Terry Bossomaier

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One focus of multi-agent systems research is the notion that complex outcomes or behaviours may be arrived at through the interaction of agents. However, it is still an open question as to how agents in a complex system form coalitions or modules, and how these coalitions self-organize into hierarchies. In this paper, we begin to address this question by(More)
We advance a dominant neural strategy for facilitating conceptual thought. Concepts are groupings of "object" attributes. Once the brain learns such critical groupings, the "object" attributes are inhibited from conscious awareness. We see the whole, not the parts. The details are inhibited when the concept network is activated, ie. the inhibition is(More)
Dots-and-Boxes is a child's game which remains analytically unsolved. We implement and evolve ar-tiicial neural networks to play this game, evaluating them against simple heuristic players. Our networks do not evaluate or predict the nal outcome of the game, but rather recommend moves at each stage. Superior generalisation of play by co-evolved populations(More)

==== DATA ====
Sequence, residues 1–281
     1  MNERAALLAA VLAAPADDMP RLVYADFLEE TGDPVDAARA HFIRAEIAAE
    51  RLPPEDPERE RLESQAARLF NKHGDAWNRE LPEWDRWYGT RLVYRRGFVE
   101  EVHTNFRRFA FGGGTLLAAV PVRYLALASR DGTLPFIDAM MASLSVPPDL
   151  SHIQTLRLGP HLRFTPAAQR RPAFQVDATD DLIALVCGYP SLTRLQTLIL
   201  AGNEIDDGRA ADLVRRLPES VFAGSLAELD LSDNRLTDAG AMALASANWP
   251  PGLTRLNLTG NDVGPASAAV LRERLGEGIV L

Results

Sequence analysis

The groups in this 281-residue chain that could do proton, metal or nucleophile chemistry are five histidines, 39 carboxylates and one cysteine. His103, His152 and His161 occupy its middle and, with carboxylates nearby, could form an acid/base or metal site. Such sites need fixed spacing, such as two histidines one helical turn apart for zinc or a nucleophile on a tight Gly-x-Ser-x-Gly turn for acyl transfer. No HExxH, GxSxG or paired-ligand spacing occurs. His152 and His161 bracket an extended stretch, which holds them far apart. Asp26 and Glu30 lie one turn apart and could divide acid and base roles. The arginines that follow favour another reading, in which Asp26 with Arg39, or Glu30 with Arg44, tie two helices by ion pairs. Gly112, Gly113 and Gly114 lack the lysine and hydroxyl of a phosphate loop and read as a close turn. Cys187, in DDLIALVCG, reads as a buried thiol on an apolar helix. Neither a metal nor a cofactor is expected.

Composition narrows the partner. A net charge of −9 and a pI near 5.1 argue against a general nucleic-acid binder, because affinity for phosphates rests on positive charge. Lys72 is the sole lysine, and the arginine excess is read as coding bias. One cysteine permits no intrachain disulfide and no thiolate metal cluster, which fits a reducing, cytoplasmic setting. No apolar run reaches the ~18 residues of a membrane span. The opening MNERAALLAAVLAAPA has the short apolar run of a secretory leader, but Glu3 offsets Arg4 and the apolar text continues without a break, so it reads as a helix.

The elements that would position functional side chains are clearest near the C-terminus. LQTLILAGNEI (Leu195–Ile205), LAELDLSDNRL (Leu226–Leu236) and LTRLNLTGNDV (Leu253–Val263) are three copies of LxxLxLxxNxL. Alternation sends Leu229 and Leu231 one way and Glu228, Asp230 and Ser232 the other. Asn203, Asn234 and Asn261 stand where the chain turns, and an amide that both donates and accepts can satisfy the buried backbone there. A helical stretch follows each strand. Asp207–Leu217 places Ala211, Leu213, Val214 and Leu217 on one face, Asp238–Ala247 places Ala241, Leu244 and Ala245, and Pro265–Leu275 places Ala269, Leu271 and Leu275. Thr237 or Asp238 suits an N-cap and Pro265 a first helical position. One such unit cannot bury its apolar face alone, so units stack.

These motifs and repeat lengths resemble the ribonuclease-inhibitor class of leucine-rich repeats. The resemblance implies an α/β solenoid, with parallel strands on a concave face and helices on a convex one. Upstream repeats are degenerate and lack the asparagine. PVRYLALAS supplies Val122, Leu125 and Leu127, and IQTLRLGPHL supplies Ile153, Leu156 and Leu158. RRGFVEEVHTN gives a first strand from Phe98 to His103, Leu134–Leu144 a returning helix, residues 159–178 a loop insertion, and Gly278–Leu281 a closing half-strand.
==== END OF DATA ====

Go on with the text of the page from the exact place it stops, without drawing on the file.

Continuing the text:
There is growing evidence that for a range of dynamical systems featuring complex interactions between large ensembles of interacting elements, mutual information peaks at order-disorder phase transitions. We conjecture that, by contrast, information flow in such systems will generally peak strictly on the disordered side of a phase transition. This(More)
— The challenge of creating teams of agents, which evolve or learn, to solve complex problems is addressed in the combinatorially complex game of dots and boxes (strings and coins). Previous Evolutionary Reinforcement Learning (ERL) systems approaching this task based on dynamic agent populations have shown some degree of success in game play, however are(More)
The earliest stages in our perception of the world have a subtle but powerful influence on later thought processes; they provide the contextual cues within which our thoughts are framed and they adapt to many different environments throughout our lives. Understanding the changes in these cues is crucial to understanding how our perceptual ability develops,(More)